‘Free dollars’: Missouri men charged with using stolen COVID-19 aid to disable emission controls on truck fleet

Here’s one way in which COVID-19 relief aid allegedly went up in smoke.

A pair of Missouri men have been charged with stealing $1.25 million in payroll protection loans to start a trucking firm whose vehicles they modified in a way so they spewed out hundreds of times more pollution.

Christopher Carroll and George Reed had allegedly applied for the loans to help employees of a timeshare-exit company they ran called the Square One Group. But instead of using the money to keep employees on the payroll as intended, federal prosecutors say the men used the cash to start a trucking business and buy a fleet of 30 diesel-powered trucks.

As part of the trucking business, the men allegedly created a company called Whiskey Dix Big Truck Repair in Bourbon, Mo., which they used to tamper with their fleet to remove legally-mandated emission control systems. 

Some believe the control systems inhibit a truck’s performance and make it more costly to operate. Removing the systems, however, can result in trucks producing 300 times more pollution than allowed, the Environmental Protection Agency says.  

Carroll and Reed were initially charged in 2021 with stealing the COVID-19 relief aid, but had an additional charge of violating the Clean Air Act for tampering with their trucks added this week.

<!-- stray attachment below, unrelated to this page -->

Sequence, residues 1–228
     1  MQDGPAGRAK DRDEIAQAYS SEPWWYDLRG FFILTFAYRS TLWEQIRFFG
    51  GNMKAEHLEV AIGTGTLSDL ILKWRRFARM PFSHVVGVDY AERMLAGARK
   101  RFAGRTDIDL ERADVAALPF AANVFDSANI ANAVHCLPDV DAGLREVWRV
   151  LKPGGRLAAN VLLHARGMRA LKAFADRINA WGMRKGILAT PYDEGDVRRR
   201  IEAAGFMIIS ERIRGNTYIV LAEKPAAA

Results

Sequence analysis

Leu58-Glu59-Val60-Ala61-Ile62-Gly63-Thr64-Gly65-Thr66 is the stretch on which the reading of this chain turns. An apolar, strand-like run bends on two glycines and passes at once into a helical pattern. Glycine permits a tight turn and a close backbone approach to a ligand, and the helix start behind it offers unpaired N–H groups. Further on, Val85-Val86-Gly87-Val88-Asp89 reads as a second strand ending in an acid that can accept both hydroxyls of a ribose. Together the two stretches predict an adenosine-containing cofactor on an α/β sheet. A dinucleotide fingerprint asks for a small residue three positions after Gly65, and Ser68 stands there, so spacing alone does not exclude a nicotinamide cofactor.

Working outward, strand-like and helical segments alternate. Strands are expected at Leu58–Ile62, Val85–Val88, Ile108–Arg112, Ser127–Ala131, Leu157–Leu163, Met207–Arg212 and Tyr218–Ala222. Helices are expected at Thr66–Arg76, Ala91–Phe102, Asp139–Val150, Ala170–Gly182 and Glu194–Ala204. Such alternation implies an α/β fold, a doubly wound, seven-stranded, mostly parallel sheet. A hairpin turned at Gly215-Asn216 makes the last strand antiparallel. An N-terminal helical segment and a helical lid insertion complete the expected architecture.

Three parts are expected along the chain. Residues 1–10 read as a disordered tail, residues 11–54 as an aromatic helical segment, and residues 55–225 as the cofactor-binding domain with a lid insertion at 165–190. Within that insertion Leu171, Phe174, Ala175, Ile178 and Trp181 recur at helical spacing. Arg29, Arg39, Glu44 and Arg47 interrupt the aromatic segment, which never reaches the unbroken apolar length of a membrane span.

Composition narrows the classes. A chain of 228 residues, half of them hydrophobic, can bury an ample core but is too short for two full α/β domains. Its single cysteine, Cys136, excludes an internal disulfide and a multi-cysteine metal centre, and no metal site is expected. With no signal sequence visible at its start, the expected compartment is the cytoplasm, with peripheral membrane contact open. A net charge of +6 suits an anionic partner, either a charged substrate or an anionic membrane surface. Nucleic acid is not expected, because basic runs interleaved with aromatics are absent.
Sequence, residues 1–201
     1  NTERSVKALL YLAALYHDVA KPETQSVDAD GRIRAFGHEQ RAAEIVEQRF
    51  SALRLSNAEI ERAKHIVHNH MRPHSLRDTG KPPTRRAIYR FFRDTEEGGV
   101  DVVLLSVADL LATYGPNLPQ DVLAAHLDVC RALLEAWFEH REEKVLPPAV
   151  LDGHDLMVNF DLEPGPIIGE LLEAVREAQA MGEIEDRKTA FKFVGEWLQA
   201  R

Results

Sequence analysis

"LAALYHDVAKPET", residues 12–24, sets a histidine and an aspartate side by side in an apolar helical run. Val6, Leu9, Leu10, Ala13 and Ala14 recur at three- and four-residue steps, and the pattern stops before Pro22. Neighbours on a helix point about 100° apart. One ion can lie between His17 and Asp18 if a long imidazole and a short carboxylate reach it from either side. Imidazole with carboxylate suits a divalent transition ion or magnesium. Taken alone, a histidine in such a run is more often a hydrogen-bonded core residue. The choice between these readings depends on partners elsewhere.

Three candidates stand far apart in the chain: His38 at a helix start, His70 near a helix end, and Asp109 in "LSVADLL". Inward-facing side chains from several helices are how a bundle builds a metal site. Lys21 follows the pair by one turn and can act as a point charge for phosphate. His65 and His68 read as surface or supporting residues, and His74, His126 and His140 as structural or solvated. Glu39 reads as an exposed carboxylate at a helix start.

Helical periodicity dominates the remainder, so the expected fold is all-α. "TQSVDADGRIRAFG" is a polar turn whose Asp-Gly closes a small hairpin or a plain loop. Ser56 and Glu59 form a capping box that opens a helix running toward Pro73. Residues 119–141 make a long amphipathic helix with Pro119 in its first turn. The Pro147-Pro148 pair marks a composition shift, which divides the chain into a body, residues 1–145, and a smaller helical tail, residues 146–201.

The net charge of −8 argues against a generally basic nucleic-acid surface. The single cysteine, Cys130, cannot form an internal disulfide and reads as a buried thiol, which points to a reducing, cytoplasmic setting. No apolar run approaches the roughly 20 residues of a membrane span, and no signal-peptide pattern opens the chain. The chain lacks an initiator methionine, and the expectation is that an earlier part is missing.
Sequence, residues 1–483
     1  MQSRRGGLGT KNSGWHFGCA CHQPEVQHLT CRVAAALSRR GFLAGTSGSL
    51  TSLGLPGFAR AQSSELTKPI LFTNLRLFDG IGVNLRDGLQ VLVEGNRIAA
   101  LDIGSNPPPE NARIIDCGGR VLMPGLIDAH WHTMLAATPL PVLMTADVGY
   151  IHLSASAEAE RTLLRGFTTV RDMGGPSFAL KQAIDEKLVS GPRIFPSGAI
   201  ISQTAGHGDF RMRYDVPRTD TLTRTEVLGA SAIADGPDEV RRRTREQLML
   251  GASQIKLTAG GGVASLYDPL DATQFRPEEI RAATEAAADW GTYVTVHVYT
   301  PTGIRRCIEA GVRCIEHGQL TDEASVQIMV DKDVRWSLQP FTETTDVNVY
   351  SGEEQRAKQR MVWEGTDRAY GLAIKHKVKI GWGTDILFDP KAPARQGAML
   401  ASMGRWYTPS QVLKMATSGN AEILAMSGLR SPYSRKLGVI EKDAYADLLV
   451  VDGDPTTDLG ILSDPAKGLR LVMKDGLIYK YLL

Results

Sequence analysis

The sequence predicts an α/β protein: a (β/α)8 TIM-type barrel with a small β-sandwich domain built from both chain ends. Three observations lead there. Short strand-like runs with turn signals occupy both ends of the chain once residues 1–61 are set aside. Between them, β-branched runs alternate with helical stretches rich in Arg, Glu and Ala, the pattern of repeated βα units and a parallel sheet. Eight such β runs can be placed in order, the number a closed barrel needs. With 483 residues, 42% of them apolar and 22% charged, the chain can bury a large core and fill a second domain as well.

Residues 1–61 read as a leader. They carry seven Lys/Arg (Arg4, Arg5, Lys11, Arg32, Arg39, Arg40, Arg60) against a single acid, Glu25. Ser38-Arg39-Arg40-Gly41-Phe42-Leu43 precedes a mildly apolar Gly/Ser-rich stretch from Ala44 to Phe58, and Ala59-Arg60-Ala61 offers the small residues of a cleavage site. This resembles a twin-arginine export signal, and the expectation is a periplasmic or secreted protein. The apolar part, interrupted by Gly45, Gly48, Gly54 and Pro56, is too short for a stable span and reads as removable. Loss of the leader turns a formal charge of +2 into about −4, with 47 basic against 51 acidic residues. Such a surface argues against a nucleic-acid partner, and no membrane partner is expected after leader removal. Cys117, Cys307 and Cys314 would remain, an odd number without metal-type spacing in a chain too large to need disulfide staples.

James G. Martin, a lawyer for Carroll, said the government decided to bring the extra charges less than a week before his client was set to begin trial in the PPP fraud case.

“We’re extremely disappointed they included the alleged EPA violation to this case given that they agreed to settle similar charges with fines,” Martin said. “We believe that they are making this a criminal charge to pressure him because he has insisted on taking the case to trial.”

A message left with an attorney for Reed wasn’t immediately returned.

In 2022, the Department of Justice filed civil charges on behalf of the Federal Trade Commission  against the men’s timeshare-exit business, alleging that they strong-armed mostly elderly customers into paying high prices for help getting out of timeshare contracts, which was often not provided.   

Prosecutors say the men applied for $1.6 million in PPP loans for the timeshare business claiming they would use the money to keep their salespeople on the payroll. But the firm, Square One Group, paid most of its employees commissions based on their sales rather than salaries and continued to do so after being granted $1.2 million in government loans, according to court documents.

When Carroll instructed Square One’s chief financial officer to file the loan applications, he allegedly described the money as $1.6 million in free dollars,” prosecutors said.

Despite getting the money, Carroll and Reed are accused of cutting their staff’s health coverage after sales dipped sharply after the pandemic began.

Prosecutors allege that the men also lied in their application by naming Carroll’s wife as a principal of the company rather than Carroll himself because he had a prior felony conviction for a sexual assault that resulted in him being listed as a level three sex offender. People with felony records were ineligible to receive PPP loans. Carroll’s wife had no role in the company, prosecutors said.

Instead of using the PPP loans to help their employees, prosecutors say Carroll and Reed used the cash to launch the trucking business and acquire the fleet of 30 trucks.   

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